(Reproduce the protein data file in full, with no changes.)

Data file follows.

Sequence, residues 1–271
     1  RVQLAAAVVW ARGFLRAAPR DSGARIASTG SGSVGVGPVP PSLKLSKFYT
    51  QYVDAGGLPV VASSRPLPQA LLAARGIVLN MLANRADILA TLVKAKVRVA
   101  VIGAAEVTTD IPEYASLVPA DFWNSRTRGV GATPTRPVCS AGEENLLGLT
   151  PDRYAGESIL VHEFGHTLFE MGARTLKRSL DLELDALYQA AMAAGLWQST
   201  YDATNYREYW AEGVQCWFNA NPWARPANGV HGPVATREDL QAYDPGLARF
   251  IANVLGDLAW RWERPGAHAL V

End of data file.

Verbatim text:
Sequence, residues 1–271
     1  RVQLAAAVVW ARGFLRAAPR DSGARIASTG SGSVGVGPVP PSLKLSKFYT
    51  QYVDAGGLPV VASSRPLPQA LLAARGIVLN MLANRADILA TLVKAKVRVA
   101  VIGAAEVTTD IPEYASLVPA DFWNSRTRGV GATPTRPVCS AGEENLLGLT
   151  PDRYAGESIL VHEFGHTLFE MGARTLKRSL DLELDALYQA AMAAGLWQST
   201  YDATNYREYW AEGVQCWFNA NPWARPANGV HGPVATREDL QAYDPGLARF
   251  IANVLGDLAW RWERPGAHAL V